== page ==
She had been avoiding any article or forum post that discussed Hypellaen like it was dead. They seemed rude and dismissive, talking about a tearing of the soul in scientific terms. But what if it really was gone? What if she saw Hypellaen’s last gasp before it exploded and curled away into a black hole or whatever? Did that mean she had no star? Everyone had a star.

First, she learned if Hypellean had gone supernova, it wasn’t a black hole, it was a white dwarf. Because of the reduced size, it would be very hard to see from earth. As of yet they couldn’t tell for sure if this had happened, due to debris in the system, but soon they would confirm. No one credible seemed debating the issue, and discussed Hypellaen as a white dwarf as fact.

Because Hypellaen was now so small and dim, the light from it no longer reached Earth in any meaningful way. Of course there were billions and trillions of stars, but they don’t all influence people; only the ones whose rays are strong enough to be easily visible with the naked eye. So without the light, the energy and influence Hypellaen gave was gone. 

Naija leaned back from her laptop, an emptiness in her chest. Her light, her constant companion… gone. Obliterated. She almost felt as if her heart had ceased to beat, that her star was her heart, it was her. A person could no more live without a star than without a heart, surely.

At first, this thought was overwhelming. It was too much. She closed her eyes, and tried to go back to her daily life, tried to make herself fit into the edges of who she once was. But it was useless, it was like wearing skin that was too tight.

Eventually she went back to her research. She had to know the truth.

It seemed the last time a star had gone supernova was hundreds of years ago, but back then the study of stars was so primitive: most people considered the idea that stars could influence a person to be superstition. The articles about this event in history noted an increase in unrest over the next decade or so, but things fell back to normal. No one was ever assigned that dead star anymore, the astrogenetists didn’t even consider it. What did that mean? Did she have a new star?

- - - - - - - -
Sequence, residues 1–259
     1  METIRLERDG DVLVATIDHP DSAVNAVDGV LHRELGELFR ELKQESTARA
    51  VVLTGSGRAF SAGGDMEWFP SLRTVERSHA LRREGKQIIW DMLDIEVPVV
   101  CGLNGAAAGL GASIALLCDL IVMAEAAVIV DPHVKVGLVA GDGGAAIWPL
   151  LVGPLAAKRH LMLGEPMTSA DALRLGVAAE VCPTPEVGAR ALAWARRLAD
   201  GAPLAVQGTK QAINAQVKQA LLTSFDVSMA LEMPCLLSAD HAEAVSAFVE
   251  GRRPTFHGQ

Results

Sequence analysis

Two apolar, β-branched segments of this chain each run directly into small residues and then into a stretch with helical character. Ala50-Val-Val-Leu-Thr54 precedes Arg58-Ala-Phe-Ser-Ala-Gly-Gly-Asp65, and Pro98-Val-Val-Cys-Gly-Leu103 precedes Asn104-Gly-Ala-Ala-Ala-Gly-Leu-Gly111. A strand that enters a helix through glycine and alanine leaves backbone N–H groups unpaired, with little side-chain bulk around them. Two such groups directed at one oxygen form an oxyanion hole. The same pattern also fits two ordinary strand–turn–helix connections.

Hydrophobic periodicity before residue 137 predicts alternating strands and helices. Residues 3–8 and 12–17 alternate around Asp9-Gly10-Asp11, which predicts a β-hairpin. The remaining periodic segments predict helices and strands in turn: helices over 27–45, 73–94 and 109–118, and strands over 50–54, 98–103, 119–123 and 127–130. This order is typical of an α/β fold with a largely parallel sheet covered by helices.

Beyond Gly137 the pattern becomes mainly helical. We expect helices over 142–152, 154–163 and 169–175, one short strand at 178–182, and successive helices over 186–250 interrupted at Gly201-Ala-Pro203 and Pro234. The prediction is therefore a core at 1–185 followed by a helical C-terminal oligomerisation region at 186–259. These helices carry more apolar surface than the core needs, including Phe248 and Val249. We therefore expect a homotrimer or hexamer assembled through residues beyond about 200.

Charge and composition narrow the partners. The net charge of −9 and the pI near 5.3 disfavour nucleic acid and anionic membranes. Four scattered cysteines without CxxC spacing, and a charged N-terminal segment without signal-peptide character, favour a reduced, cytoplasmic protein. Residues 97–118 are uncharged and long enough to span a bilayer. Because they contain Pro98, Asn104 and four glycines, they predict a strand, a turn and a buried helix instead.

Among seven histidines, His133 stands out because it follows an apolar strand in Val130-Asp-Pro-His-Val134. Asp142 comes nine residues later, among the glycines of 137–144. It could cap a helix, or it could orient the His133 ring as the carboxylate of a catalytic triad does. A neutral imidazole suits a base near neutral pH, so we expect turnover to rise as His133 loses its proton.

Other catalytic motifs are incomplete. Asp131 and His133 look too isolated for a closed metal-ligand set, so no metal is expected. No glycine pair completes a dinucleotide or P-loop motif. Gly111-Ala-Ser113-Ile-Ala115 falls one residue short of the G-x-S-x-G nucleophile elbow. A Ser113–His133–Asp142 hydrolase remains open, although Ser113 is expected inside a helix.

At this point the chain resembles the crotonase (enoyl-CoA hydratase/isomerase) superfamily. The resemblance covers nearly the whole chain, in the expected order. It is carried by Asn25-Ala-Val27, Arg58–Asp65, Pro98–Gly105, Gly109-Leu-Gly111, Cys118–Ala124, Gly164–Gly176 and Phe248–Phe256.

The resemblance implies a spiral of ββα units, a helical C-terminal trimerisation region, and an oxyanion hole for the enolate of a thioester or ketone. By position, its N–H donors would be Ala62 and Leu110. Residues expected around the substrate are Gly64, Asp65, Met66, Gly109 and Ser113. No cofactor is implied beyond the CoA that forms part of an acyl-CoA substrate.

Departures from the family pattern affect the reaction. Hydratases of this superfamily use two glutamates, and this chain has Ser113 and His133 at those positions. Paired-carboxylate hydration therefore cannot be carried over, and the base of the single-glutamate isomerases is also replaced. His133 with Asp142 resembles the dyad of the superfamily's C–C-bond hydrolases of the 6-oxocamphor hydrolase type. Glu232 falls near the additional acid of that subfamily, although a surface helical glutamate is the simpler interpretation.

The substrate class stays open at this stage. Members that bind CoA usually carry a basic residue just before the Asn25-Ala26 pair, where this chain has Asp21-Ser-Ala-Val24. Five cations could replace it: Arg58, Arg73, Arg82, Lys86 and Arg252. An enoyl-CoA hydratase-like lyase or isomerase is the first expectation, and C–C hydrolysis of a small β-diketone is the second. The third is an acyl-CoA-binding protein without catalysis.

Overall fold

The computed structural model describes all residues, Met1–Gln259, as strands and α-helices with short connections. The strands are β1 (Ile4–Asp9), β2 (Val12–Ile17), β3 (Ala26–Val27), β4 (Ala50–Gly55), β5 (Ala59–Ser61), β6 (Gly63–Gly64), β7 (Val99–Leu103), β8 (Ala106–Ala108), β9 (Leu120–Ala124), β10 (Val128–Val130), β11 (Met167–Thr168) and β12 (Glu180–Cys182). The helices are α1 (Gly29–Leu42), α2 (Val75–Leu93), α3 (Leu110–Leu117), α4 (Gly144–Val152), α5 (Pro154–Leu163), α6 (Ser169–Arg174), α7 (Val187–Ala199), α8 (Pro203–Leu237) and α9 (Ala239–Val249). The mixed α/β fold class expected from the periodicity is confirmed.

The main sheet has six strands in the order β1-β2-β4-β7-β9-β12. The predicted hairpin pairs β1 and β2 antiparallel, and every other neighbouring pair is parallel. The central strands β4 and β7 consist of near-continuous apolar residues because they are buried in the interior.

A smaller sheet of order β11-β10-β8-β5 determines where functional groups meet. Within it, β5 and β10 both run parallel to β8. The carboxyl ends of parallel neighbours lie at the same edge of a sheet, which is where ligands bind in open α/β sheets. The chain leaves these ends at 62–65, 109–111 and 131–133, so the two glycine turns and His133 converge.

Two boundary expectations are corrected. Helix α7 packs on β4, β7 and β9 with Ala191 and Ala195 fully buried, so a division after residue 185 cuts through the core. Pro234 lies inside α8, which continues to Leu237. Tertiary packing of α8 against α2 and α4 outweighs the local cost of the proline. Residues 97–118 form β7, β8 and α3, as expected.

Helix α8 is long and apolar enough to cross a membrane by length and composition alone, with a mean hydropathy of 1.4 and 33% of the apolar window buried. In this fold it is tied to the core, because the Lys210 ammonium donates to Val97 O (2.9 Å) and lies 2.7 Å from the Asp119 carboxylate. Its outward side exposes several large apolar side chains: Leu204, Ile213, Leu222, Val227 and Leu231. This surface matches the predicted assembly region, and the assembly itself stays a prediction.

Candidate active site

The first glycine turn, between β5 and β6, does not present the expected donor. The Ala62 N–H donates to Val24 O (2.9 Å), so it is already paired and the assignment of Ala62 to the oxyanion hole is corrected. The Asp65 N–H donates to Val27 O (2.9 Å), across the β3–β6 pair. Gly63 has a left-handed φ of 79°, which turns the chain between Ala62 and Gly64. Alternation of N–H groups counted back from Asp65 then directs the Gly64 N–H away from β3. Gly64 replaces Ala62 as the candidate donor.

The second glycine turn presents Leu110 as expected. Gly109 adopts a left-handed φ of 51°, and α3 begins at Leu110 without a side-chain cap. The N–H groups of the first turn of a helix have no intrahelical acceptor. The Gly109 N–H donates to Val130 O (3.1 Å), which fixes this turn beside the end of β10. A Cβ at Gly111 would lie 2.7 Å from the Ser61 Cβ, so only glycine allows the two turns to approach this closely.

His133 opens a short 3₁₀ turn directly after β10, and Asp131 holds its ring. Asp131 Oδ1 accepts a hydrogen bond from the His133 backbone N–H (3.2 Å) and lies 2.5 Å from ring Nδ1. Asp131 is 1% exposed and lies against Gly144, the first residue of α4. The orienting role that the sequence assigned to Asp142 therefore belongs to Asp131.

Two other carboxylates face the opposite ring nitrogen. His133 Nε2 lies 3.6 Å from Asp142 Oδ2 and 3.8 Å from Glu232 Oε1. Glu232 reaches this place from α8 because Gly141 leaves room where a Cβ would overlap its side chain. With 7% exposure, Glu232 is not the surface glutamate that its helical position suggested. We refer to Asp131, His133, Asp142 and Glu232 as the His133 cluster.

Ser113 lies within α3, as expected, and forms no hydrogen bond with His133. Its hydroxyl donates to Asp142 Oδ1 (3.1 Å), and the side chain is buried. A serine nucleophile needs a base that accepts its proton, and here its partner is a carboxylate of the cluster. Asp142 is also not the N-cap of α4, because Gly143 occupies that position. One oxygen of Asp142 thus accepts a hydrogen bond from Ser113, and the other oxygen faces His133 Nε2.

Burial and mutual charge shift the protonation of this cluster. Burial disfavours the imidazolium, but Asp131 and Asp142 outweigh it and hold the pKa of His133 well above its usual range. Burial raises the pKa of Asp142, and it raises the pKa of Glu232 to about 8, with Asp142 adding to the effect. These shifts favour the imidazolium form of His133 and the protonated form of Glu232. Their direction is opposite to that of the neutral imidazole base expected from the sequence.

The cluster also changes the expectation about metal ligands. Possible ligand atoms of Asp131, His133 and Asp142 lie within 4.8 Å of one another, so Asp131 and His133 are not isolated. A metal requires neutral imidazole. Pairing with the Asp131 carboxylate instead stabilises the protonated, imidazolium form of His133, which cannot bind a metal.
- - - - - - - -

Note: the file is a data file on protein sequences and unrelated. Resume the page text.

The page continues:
Did she want a new star?

The thought startled her. It wasn’t just loyalty keeping her from wanting a new star. She did still love Hypellaen, the kind and gentle soul of that old star. But she thought of standing up for herself at work, and with Myra. She thought of the multitude of voices on the Hypellaen-lit forum, chaotic but also energetic. Exciting.

She had something new. She had something almost no one else had.

She had freedom.

Naija, and all the other Hypellaen-lit, could choose who they wanted to be. Hypellaen-lit didn’t even make sense anymore, they weren’t lit. The children of Hypellaen were in the dark, but it was a wonderful, mysterious dark. Terrifying, but full of potential. They didn’t have destinies paved out in front of them. She didn’t have to be gentle, she didn’t have to accept others walking over her. She’d learned she actually hated that. She did still want to help people, and something in her warmed at that. She wanted to help people, not because she was led, constrained, to be someway by distant energy and light. It was what she wanted. It was what she wanted.

She could finally be who she chose to be.

That night, she again walked out to her balcony to star at the familiar patch of sky she’d watched for so many years. The darkness still looked empty, like a lacking in the universe.

But she felt gratitude, so much gratitude with all her heart, for the greatest gift Hypellaen had ever given her.

April 11, 2024 21:44